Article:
laminate floors

A laminate floor looks like smooth hardwood planking. Laminate panels are laid perpendicular to one another to designate a transition into an adjacent room. Base trim conceals the expansion areas.

Laminate flooring was originally developed in Sweden during the early 1980s, making it one of the newest flooring materials available. Constructed of a sturdy core made of recycled materials, laminated with several layers of paper, topped by a design layer, and finished with a protective coating, it is valued for its durability, ease of installation, and ease of maintenance. Some early concerns arose regarding laminate flooring that chipped or delaminated and about the hollow sound produced when laminates were walked on. In response to those complaints, laminate flooring has improved significantly over the last 20 years. Today's laminate amazingly resists dents, burns, and stains. Pads have been developed to place beneath laminate flooring to absorb the sound of footsteps. Best of all, laminate flooring now can be used in any room, including kitchens and baths.

With these and other improvements, warranties have been extended from 10 years to 15, then to triple 15 (warranty against stains, wear, and water damage), then to 25 years, and now to lifetime. Some manufacturers have divided their lines into different grades to reflect warranty length.

Laminate styling also has improved greatly. At first, all laminated floors emulated wood flooring, simply because that was the material in demand at the time. Since it's the top design layer that features the image of your desired flooring, almost any type of material can be replicated. Now you can choose many variations of wood looks, from birch to maple to walnut, including patterns such as herringbone and checks, and blocked and plank floors. Imitation stone laminates mimic varying shades of marble, granite, limestone, and more.

Trim pieces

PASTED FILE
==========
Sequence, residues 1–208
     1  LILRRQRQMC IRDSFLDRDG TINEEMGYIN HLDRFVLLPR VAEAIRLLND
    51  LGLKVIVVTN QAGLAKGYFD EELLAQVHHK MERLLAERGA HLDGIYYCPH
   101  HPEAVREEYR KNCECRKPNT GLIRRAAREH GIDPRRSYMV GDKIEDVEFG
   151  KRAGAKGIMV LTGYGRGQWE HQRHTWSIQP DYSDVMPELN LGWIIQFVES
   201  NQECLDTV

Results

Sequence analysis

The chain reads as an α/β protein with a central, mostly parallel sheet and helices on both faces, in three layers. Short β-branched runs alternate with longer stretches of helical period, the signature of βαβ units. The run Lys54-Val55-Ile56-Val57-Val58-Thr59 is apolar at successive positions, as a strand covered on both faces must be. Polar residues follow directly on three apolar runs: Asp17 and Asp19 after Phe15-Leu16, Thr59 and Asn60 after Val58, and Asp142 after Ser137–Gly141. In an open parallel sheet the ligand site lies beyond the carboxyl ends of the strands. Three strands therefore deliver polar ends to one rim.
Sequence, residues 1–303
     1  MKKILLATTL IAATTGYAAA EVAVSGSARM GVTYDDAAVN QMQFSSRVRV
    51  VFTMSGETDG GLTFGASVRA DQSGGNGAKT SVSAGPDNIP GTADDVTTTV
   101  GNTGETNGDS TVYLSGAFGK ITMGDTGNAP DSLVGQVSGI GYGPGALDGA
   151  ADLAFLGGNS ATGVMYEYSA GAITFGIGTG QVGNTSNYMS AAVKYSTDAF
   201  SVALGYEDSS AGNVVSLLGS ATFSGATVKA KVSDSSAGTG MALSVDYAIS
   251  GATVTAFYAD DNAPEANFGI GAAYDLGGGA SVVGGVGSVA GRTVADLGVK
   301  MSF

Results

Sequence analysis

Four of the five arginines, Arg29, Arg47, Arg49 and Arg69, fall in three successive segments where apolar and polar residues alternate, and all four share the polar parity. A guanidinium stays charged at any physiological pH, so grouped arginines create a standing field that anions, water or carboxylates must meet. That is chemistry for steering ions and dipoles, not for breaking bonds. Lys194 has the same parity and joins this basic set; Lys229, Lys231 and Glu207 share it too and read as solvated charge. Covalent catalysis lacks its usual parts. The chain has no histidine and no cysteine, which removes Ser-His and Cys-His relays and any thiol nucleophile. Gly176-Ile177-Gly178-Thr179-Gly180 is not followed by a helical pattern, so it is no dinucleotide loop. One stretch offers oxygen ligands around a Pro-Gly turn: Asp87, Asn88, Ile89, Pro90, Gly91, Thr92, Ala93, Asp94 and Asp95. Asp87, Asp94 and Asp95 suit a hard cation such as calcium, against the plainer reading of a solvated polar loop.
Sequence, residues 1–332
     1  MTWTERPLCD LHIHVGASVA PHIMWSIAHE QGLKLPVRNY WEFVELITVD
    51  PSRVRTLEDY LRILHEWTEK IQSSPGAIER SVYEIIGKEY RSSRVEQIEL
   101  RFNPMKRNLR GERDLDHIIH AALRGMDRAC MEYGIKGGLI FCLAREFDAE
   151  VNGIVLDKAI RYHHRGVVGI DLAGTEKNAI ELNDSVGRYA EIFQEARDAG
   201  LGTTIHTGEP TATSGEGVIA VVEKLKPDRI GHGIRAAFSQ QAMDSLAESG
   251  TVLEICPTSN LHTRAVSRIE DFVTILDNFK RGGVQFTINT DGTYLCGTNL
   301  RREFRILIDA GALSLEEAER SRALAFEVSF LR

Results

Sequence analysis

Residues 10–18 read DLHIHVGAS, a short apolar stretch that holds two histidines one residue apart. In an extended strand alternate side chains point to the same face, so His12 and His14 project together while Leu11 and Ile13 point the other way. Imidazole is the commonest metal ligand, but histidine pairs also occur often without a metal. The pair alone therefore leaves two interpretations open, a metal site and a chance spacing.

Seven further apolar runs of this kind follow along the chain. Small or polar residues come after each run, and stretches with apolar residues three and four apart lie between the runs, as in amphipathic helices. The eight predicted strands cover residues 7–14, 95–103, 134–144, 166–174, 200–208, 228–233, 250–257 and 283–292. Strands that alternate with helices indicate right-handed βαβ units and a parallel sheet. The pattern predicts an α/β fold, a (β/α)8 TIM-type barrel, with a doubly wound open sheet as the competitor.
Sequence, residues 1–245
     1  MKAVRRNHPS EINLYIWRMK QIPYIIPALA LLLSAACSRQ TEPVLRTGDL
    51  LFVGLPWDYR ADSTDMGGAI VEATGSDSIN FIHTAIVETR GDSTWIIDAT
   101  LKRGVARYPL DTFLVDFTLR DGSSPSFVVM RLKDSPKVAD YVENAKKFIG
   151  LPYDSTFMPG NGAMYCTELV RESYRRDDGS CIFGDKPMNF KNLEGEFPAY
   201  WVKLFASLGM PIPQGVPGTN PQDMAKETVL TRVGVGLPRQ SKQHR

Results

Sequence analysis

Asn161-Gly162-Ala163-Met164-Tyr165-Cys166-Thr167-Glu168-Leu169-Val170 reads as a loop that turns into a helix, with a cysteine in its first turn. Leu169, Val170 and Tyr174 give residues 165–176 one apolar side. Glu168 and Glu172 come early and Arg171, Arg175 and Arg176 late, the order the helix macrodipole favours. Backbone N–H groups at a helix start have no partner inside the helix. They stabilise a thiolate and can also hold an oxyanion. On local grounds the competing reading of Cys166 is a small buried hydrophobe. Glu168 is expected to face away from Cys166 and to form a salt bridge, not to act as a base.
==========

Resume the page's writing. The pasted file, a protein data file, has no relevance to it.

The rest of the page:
Laminate floor systems include all the accoutrements you'll need to finish your floor. Laminate wall bases and quarter rounds come in colors and finishes that complement the floor. There are also transition moldings for use where a laminate floor meets a different flooring material, such as carpet, tile, stone, or wood. Laminate threshold moldings are available to use in doorways, as are step moldings for staircases.

Care and cleaning
To protect a laminate floor, it's important that you place area rugs or mats at the entrances to your home and use felt protectors and rubber casters on furniture. Other than that, a laminate floor will require only sweeping or vacuuming and damp-mopping. For tough stains, such as ink, it’s safe to use nail polish remover or alcohol on laminate. There is no need for stripping or waxing a laminate floor.

Laminate flooring can be installed over almost any existing flooring, so long as it is smooth and well bonded. Unlike traditional wood floors, laminate floors are installed as "floating floors." Simply put, the floor is not physically attached to the subfloor. Adhesive attaches the laminate boards to one another only. There are also tongue-and-groove laminates that don't require adhesives. They just click into place. Expansion areas are left along the perimeter of the finished floor, allowing it to expand and contract as necessary with temperature and humidity changes. The expansion areas are concealed by the wall base trim.


Ideas for Great Floors

Printed From: